Animal Fairy Tales is a collection of short stories by L. Frank Baum — animal tales comparable to Aesop's Fables and the Just-So Stories and Jungle Book of Rudyard Kipling. Baum's stories were first published in 1905 in The Delineator, a popular women's magazine of the era. For several decades in the middle of the twentieth century, the collection was a "lost" work by Baum; it was first published in book form in 1969 by The International Wizard of Oz Club.

The nine stories in the collection were originally printed in nine consecutive monthly issues of The Delineator, from January to September 1905. The tales were part of the magazine's regular feature, "Stories and Pastimes for Children." They were illustrated by Charles Livingston Bull. The Delineator had printed Baum's story "A Kidnapped Santa Claus" in December 1904.

It is clear that Baum favored book publication of the collection. When his health declined in 1918, Baum worked ahead to prepare books for future publication in the event of his death. He readied three manuscripts, so that his publisher Reilly & Britton could issue annual Baum titles through 1921. Two of those three books were the last two in his Oz series, The Magic of Oz and Glinda of Oz, which were duly published in 1919 and 1920. The third book was the Animal Fairy Tales. It is unclear why Reilly & Britton did not publish the book, in 1921 or later; perhaps the firm thought Baum's book would detract from Ruth Plumly Thompson's first Oz book, The Royal Book of Oz, published in 1921.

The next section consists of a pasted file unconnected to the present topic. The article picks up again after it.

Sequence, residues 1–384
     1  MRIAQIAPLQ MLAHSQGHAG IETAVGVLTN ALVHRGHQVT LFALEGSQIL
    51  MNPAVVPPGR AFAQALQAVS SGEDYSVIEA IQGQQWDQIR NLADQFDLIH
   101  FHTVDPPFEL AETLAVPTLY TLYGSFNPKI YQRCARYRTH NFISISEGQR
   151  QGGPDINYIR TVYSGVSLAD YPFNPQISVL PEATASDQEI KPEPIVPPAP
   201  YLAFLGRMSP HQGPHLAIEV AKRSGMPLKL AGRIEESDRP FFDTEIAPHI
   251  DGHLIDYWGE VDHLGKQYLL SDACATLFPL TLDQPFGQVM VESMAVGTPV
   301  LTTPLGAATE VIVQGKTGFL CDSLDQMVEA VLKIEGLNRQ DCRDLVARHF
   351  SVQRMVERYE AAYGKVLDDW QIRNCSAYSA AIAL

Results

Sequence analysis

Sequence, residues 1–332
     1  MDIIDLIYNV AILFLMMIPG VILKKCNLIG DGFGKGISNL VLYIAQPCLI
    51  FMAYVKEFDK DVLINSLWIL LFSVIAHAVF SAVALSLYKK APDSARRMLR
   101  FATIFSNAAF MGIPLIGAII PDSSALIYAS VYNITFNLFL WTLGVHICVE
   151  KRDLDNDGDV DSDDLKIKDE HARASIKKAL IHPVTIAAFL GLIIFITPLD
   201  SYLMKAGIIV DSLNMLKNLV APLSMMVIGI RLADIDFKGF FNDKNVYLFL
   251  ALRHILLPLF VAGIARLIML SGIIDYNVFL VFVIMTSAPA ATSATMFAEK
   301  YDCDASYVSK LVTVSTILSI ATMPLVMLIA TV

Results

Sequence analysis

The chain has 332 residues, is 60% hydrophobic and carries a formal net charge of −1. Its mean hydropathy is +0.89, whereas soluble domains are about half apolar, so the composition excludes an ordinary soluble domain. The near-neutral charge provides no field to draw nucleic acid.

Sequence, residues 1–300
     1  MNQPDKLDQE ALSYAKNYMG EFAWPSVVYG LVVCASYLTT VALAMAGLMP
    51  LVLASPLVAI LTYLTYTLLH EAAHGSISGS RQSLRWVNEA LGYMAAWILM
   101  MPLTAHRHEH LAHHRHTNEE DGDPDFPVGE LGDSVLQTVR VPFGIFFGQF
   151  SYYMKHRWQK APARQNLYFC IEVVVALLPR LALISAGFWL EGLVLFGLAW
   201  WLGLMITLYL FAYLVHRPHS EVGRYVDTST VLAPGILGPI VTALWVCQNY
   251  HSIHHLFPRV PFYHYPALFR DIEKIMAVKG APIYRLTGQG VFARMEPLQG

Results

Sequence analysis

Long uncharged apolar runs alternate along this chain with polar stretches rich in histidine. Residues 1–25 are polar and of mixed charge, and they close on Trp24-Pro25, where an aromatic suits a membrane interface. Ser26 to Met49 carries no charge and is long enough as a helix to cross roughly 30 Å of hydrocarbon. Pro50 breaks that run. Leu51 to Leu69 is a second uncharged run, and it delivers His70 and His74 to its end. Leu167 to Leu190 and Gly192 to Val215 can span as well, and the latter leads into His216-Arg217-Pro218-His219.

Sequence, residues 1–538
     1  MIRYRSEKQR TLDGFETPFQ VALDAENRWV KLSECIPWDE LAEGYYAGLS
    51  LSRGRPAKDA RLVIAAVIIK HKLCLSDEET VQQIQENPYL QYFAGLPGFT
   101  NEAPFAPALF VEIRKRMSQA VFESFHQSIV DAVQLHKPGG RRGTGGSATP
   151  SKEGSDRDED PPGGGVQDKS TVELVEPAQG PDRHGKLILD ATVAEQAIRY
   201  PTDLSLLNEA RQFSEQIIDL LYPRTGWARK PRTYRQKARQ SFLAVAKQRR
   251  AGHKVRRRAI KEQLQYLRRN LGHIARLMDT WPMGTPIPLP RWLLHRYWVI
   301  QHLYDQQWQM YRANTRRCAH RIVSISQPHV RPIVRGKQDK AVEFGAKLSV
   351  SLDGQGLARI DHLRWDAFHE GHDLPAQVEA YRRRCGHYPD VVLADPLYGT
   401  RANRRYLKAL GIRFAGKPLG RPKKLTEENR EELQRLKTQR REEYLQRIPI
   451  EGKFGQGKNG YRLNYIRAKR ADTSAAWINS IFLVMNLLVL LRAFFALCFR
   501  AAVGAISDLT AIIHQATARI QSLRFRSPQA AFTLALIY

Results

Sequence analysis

The contents of the collection are:

The brief Prologue sets up the stories that follow. A narrator tells fairy tales to a friendly gray squirrel, who chatters back amiably; it feels like a conversation, though the human cannot understand the animal. What ensues is the narrator's ideas of the animal fairy tales that the squirrel told him.

All the stories were probably written in 1903 and 1904; they compare with other animal tales that appear in American Fairy Tales and The Twinkle Tales and as episodes in his novels. Baum's animal tales are composed in his own highly imaginative vein, colored with his interest in Theosophy, and different from the more naturalistic stories of Baum contemporaries like Albert Bigelow Paine. Baum's stories are distinguished by the presence of tiger fairies, dog fairies, and similar creatures.

Baum wrote another story for the collection; titled "The Tiger's Eye," it is an extraordinarily grim story about evil magic enchanting animals and men. That story was not printed until 1962.

The 1969 edition of Animal Fairy Tales has illustrations from the pen of Dick Martin, and an Introduction by Russell P. MacFall. It was reprinted in a second edition in 1989. Another edition, released by Books of Wonder in 1992, reproduced the original Livingston Bull pictures.

Animal fairies

Baum never gives a detailed or specific description of any of the animal fairies in his stories. It seems natural to assume that animal fairies share the forms their particular animals; gopher fairies have the forms of gophers, etc. This is the way Dick Martin pictures them in his cover illustration for the book, as winged and flying quadrupeds. In the final story of the sequence, Baum describes the porcupine fairy Athlos as so "radiant and beautiful" that the sight of her fills Bayal with awe and wonder. Apparently, she is a beautiful and radiant porcupine.

A sequel

Chris Dulabone wrote his own sequel to Baum's Animal Fairy Tales in his The Lunechien Forest of Oz (1990).

See also

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